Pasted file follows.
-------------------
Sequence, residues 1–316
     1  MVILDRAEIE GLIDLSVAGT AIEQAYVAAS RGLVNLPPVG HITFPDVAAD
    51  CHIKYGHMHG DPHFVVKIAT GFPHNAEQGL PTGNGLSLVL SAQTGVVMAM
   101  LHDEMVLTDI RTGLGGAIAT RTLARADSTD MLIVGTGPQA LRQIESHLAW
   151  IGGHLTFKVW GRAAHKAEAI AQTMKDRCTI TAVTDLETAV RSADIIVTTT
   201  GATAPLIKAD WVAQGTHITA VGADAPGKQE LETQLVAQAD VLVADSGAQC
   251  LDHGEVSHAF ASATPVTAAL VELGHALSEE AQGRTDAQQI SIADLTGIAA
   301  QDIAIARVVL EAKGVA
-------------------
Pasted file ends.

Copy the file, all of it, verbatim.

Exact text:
Sequence, residues 1–316
     1  MVILDRAEIE GLIDLSVAGT AIEQAYVAAS RGLVNLPPVG HITFPDVAAD
    51  CHIKYGHMHG DPHFVVKIAT GFPHNAEQGL PTGNGLSLVL SAQTGVVMAM
   101  LHDEMVLTDI RTGLGGAIAT RTLARADSTD MLIVGTGPQA LRQIESHLAW
   151  IGGHLTFKVW GRAAHKAEAI AQTMKDRCTI TAVTDLETAV RSADIIVTTT
   201  GATAPLIKAD WVAQGTHITA VGADAPGKQE LETQLVAQAD VLVADSGAQC
   251  LDHGEVSHAF ASATPVTAAL VELGHALSEE AQGRTDAQQI SIADLTGIAA
   301  QDIAIARVVL EAKGVA